Season Four - TNG

Star Trek: The Next Generation – The Nth Degree

Written by Joe Menosky, David Carren, J. Larry Carroll, and Ronald D. Moore
Directed by Robert Legato

In the Star Trek universe, Star Trek: Deep Space Nine is the show that really perfected the ensemble cast and put it to good use. Babylon 5, from what I’ve seen, did a good job with this as well. Characters would enter and leave the universe at various intervals, characters who made an appearance several seasons (or episodes) ago would suddenly reappear, and some characters would stay on the periphery of the action and fit into the story as needed.

In the case of The Nth Degree, the writers bring back the character of Barclay (portrayed by Dwight Schultz) whom viewers first met in the episode Hollow Pursuits. Barclay is a crewmember who doesn’t quite fit in with everyone else; a sort of misfit in the 24th century.

When viewers first become reacquainted with Barclay, he is performing a scene from Cyrano de Bergerac opposite Dr. Crusher (Gates McFadden). He still appears to be the same nervous man, not quite sure of himself or his place on the Enterprise. However, he has been working on coping with reality with the help of the ship’s counselor Deanna Troi (Marina Sirtis).

When ship’s engineer Geordi LaForge (LeVar Burton) is assigned to repair a large space telescope that has been damaged by a probe of unknown origin, he takes Barclay with him. While on the probe’s platform, they are hit with an energy surge and rendered unconscious.

Immediately upon awakening in sickbay, there is an apparent change in Barclay. Not only is his intelligence growing by leaps and bounds, but he is also more confident and sure of himself. Within a short time, he has evolved into the most advanced human being ever known.

One gripe I have with many of the episodes is that the guest cast is featured and the regular cast is either in the background or not involved with the guest cast enough. Although that happens to an extent in The Nth Degree, the episode does not suffer for it. The reason for that is the actor who portrays Barclay.

Dwight Schultz once again does a fantastic job. He manages to make both extremes in Barclay’s persona seem perfectly natural and believable. Anyone who remembers him from The A-Team should not let their perceptions of that series color their view of this man. He is an exceptional actor and his recurring work in the Star Trek universe as Barclay is just one indication of that.

The writers do a terrific job here as Barclay’s character changes all the way through the story, building to what the viewers do not know. Humor is incorporated in a good way in scenes such as when Barclay is explaining to Commander Riker (Jonathan Frakes) how he managed to increase power to the shields. It’s such technobabble that the viewers don’t understand – and neither does Riker! Yet, he pretends he does so not to lose face.

The rest of the crew is virtually helpless to stop him from eventually taking over the ship. What exactly is happening to him and why is resolved at the end, and in a way that I was comfortable with. It did not feel contrived nor did I feel let down by the ending as I have at other times when whatever has happened to a character is negated at the end of the episode.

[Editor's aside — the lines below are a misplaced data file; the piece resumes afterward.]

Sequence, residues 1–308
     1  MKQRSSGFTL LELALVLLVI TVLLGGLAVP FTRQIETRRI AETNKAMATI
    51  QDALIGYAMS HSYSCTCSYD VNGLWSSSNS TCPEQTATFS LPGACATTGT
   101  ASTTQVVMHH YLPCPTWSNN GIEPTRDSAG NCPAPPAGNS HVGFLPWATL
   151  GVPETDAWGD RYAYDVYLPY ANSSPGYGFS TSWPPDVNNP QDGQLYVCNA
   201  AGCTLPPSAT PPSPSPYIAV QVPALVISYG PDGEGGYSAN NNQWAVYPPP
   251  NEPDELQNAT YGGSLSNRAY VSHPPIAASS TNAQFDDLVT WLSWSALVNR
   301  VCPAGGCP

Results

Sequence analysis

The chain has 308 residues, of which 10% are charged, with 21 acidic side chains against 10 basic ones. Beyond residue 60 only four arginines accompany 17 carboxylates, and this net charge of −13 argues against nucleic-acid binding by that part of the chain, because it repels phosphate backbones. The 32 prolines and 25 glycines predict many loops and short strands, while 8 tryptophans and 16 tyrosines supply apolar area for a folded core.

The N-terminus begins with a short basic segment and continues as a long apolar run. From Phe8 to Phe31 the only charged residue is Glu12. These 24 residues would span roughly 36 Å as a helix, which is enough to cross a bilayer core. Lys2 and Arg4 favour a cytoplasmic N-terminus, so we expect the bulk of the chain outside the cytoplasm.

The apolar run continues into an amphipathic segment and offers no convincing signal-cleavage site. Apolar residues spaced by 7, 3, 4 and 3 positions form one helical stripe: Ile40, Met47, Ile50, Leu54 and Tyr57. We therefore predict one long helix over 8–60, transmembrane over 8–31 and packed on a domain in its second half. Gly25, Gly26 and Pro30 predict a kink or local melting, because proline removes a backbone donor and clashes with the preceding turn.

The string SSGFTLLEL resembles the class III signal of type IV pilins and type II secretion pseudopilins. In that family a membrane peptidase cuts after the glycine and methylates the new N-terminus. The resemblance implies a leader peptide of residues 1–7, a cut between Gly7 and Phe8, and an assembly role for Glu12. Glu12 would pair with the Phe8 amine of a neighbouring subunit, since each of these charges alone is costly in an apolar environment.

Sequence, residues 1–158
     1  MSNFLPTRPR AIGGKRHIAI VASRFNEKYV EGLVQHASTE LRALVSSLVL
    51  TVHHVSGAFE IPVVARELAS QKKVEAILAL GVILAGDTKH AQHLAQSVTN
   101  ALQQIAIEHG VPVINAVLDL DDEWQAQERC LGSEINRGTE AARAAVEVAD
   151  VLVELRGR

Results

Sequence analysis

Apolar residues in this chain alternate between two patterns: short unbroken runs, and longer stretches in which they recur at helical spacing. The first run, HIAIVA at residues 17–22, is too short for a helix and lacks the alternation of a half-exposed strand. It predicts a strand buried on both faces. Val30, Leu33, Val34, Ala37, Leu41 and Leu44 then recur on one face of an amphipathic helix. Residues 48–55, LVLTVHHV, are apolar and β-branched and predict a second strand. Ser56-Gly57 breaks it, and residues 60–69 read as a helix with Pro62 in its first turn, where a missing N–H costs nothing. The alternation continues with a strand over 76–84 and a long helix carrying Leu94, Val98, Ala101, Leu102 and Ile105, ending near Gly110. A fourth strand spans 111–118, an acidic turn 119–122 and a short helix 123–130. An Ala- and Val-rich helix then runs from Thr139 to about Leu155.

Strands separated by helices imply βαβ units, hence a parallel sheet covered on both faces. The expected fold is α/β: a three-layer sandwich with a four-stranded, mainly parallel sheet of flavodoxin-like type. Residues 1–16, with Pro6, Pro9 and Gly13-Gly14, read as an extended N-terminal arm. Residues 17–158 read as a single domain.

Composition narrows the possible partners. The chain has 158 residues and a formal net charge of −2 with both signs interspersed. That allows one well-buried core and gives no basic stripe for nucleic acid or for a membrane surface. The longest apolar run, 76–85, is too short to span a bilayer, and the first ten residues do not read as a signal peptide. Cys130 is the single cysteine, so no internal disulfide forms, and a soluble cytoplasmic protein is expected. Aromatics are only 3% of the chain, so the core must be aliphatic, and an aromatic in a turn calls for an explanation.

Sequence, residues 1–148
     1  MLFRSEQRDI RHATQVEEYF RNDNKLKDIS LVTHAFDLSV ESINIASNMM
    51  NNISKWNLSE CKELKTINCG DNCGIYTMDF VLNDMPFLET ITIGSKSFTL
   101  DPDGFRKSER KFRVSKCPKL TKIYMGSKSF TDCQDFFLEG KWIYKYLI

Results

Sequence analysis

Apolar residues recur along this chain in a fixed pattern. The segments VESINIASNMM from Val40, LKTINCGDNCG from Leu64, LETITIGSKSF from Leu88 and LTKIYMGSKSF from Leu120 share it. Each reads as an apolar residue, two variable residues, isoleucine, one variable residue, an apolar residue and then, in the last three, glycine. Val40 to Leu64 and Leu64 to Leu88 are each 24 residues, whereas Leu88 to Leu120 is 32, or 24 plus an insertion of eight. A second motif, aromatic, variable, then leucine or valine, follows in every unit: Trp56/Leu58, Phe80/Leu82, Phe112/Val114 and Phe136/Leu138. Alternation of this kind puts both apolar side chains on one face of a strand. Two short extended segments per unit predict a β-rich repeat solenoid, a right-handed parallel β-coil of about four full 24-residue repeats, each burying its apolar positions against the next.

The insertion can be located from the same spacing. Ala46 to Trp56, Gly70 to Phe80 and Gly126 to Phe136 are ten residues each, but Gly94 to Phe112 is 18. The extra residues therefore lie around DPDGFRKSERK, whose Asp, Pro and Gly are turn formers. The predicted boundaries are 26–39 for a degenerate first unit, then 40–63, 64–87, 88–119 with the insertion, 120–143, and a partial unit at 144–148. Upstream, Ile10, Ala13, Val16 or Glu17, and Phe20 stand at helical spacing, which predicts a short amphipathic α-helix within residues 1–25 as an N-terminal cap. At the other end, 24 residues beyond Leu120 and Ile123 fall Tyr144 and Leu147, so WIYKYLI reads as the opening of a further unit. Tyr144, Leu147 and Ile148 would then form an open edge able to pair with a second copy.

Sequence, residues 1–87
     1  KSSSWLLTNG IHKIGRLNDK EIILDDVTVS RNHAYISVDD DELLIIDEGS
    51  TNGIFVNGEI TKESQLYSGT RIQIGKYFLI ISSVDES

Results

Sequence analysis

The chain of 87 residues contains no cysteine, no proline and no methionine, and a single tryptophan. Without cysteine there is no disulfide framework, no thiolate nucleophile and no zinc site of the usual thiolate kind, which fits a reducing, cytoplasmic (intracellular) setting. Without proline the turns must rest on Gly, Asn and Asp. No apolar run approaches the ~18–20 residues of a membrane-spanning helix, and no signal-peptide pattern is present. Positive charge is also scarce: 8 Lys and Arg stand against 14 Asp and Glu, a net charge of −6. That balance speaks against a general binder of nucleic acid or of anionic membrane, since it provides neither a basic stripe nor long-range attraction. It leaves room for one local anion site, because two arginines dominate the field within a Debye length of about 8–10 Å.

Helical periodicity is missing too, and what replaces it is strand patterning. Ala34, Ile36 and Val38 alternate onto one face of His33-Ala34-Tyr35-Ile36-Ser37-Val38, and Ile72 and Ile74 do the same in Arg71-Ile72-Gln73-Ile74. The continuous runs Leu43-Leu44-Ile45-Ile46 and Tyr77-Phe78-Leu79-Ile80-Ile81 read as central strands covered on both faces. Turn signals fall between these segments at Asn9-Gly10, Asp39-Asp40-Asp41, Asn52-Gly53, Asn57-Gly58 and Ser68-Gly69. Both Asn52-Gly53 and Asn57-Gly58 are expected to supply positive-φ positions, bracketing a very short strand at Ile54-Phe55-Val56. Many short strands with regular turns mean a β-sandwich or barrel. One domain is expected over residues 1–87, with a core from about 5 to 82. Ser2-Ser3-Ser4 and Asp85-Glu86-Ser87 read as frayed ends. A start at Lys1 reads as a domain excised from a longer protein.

While most of the cast is secondary to Dwight Schultz, those that do interact with him do a fine job. Particularly notable is Marina Sirtis as Troi as her involvement with Barclay is taken to a different level as he changes and grows before her. Yet she also demonstrates concern for the man and how he will cope; her worry is genuine – that of a good friend. She demonstrates patience and reluctance to judge him at a time when everyone else begins treating him as an enemy. It’s a good opportunity for Sirtis who rarely gets anything beyond a supporting role. Although essentially still a supporting actress here, she has more to do than just talking about whether or not the alien on the viewscreen is lying to the Captain.

However, the writers had one major flaw line come from her mouth. As she’s attempting to reason with Barclay, she informs him “the Captain will do everything in his power to stop you..” Why she would feel the need to inform him of that, I don’t know. Barclay either should have known that already or if he didn’t, she has just given him a warning. Either way, it’s a bad line. There is an effect to that line, but it could have been brought into the story in a much neater way.

This is a great episode that any fan of the series is sure to appreciate. Although the background in Hollow Pursuits is helpful, it’s not completely necessary. It’s nice if the viewer has the familiarity with what Barclay has gone through in this universe, but it’s possible to pick up this episode cold and still enjoy it.

Previous episode (link): Star Trek: The Next Generation – Identity Crisis

Next episode (link): Star Trek: The Next Generation – Q-Pid

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